Dispassionate analysis of this pheno­menon would point to the weak foundation of dalit students, which in turn is attributable to the multilayered school education system that dishes out education to children according to the socio-economic standing of their parents. If all children were provided with free, quality education through a common school system as envisaged in the Constitution, there may not be any necessity for having such discriminatory caste-based ­policies. The implementation of the right to education (RTE), which was reluctantly bestowed as a consequence of a Supreme Court judgment and instituted by the much trumpeted RTE Act 2010, is much in violation of the original provisions of the Constitution. It has legitimated the multilayered educational system, mischievously bringing in reservation for the weaker sections as an antidote. ­Dalits as a social group can be seen as the worst victims of this so-called RTE but so effective is their political management that none of their leaders has raised even a feeble voice against it. Job reservation has been rendered ineffective because of negative growth of employment in the public sector since 1997. But instead of noting this stark reality and raising one’s voice against the neo-liberal policies of the government that have brought this about, dalit leaders keep singing the song of reservation and even claim that globalisation has been beneficial to them. Surely, such a stand is not conducive to the “annihilation-of-castes” vision of ­Babasaheb Ambedkar, just reiterated by Prakash Ambedkar.

Afzal Guru

There is an unspoken dictum that dalits are not supposed to speak beyond caste and therefore Prakash Ambedkar’s statement that Afzal Guru should not be hanged might be prima facie disturbing to many. Statesmanlike, in mid-December last year, Prakash rationally argued that the majority of Kashmiris wanted to be part of the Indian union, but if Afzal Guru were hanged, “they will doubt whether they will be part of a secular ­India”. He therefore demanded that the status quo on Afzal Guru be maintained. The statement tacitly implied that the majority of Kashmiris thought that Guru did not deserve the death sentence and if he were to be executed, this would be viewed as being communally inspired.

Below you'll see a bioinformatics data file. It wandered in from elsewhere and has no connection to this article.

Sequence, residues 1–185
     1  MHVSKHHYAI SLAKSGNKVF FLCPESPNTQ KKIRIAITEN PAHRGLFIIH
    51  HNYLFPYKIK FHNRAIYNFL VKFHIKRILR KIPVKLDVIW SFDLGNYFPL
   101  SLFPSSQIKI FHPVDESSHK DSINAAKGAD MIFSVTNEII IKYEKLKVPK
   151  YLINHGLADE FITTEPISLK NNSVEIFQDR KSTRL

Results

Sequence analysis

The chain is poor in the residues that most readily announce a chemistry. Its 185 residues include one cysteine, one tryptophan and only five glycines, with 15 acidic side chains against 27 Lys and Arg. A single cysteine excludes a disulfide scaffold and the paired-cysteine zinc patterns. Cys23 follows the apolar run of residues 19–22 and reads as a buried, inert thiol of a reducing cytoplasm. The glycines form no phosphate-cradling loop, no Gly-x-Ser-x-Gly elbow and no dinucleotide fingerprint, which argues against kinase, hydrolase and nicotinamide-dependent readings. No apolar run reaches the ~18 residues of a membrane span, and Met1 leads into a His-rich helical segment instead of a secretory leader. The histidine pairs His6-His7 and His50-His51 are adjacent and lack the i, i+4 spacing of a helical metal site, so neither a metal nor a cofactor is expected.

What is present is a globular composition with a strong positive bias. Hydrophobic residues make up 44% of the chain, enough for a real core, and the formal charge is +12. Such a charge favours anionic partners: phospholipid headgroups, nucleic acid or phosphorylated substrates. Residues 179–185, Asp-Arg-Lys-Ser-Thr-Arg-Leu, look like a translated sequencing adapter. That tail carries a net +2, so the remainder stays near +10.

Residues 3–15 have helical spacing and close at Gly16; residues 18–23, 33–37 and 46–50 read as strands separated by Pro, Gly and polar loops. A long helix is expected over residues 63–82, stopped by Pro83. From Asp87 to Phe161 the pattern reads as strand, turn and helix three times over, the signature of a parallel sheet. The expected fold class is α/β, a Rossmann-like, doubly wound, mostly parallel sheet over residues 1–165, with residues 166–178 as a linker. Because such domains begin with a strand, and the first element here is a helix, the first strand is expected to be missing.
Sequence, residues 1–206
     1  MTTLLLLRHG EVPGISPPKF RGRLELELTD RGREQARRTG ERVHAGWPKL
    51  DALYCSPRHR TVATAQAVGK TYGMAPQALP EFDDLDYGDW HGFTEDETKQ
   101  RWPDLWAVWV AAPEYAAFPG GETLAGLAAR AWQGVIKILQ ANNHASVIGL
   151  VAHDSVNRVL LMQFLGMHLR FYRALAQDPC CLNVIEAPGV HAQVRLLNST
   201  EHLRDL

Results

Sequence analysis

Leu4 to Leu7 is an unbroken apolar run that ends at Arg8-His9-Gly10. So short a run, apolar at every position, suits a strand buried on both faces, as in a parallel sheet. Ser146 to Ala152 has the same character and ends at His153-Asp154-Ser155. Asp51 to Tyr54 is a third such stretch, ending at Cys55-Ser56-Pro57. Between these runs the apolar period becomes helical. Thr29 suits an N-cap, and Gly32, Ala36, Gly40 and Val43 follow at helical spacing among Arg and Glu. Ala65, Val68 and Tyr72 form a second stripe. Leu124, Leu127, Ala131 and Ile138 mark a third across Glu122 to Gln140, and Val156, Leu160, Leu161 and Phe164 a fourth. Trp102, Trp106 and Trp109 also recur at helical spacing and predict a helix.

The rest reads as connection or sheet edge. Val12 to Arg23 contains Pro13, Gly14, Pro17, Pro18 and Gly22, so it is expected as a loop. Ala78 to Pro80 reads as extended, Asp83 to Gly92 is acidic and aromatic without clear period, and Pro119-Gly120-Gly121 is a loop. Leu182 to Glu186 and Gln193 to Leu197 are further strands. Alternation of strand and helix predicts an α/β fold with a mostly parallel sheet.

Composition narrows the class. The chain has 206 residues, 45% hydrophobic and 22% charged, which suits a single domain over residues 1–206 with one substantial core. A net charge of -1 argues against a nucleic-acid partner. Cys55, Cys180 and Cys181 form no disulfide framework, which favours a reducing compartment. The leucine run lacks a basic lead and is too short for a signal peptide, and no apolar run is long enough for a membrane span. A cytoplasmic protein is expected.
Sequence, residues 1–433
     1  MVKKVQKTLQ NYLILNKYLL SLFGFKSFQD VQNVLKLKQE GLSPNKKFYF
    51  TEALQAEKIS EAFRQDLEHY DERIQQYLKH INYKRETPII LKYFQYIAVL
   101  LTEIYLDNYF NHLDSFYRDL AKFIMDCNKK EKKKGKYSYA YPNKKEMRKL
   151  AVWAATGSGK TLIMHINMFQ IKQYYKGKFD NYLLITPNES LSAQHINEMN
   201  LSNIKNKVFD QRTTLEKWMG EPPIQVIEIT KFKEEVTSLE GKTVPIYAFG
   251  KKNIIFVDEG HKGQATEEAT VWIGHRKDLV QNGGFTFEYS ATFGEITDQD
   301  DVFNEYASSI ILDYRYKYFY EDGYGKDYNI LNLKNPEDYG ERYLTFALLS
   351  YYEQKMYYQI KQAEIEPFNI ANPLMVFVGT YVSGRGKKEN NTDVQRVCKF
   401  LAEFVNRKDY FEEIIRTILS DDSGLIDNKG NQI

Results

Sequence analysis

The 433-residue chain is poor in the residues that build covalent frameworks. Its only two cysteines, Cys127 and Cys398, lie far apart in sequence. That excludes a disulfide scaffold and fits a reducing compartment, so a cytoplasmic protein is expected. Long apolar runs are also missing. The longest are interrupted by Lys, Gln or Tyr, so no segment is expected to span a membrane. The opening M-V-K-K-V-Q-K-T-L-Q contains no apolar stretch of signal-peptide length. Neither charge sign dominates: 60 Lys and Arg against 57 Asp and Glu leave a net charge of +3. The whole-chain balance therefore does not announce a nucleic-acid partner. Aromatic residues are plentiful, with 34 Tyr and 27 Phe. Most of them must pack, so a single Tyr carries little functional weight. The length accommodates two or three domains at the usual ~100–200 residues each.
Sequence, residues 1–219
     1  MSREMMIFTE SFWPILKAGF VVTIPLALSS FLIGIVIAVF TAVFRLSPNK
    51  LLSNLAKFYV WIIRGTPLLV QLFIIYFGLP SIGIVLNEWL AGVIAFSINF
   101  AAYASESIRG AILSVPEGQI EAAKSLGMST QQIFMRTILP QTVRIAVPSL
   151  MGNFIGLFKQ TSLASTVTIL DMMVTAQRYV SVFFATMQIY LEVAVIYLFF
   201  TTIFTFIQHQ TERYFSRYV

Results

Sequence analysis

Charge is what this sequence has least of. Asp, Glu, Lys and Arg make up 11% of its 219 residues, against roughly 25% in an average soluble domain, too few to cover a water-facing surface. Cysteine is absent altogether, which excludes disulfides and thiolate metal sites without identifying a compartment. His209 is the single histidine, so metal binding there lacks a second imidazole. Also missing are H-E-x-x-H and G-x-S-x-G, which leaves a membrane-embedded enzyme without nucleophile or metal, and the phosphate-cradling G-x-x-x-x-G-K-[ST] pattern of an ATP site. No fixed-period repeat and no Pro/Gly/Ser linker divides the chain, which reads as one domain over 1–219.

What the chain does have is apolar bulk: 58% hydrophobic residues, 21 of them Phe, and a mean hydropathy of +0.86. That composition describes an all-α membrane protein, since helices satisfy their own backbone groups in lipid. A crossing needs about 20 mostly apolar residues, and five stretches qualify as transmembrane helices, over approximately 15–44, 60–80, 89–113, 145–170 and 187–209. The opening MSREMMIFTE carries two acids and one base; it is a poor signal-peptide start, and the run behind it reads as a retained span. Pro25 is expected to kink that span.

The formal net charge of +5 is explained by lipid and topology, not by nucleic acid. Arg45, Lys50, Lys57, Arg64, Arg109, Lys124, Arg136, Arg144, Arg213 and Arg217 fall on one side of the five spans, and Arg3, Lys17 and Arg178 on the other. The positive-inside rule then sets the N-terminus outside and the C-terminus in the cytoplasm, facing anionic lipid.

Afzal Guru’s conviction as well as ­execution has been commented upon by many legal luminaries and human rights activists as being in violation of the law. But, all Prakash Ambedkar did was to demand that the status quo be maintained. This however evoked venomous reaction from sections of the right-wing who had just showered praises on him for his views on reservations. While the angry reactions to his views on reservation from his rivals in dalit politics, who ­always did the bidding for the ruling classes, are understandable, so also is their silence on Afzal Guru. But, what is interesting is the extreme responses of love and hate from the Hindu right-wingers. As the views of individuals unprompted by any organised effort, the comments may reflect their general opposition to caste-based reservations, the sections of the Indian Constitution that have a bearing on these, and the Congress, which is identified as the progenitor of such reser­vations, but the fact is that the Bharatiya Janata Party, their party, today commands the maximum number of reserved seats. What is disturbing in this entire episode is the silence of the self-proclaimed ­progressives.

Anand Teltumbde ( is a writer and civil rights activist with the Committee for the Protection of Democratic Rights, Mumbai.

Economic & Political weekly, Vol – XLVIII No. 11, March 16, 2013


The Left’s Untouchable

Why was Ambedkar’s critique of caste anathema for Indian Marxists?
It’s an abiding mystery of Indian politics: why the Left has consistently shown an uneasy reluctance to seriously engage with B.R. Ambedkar’s thoughts. When Ambedkar pushed for the Poona Pact in 1932, demanding separate electorates for Dalits, the Indian Left kept its distance from the issue. Symptomatically, E.M.S. Namboodiripad wrote: “This was a great blow to the freedom movement. For this led to the diversion of people’s attention from the objective of full independence to the mundane cause of the upliftment of the Harijans.”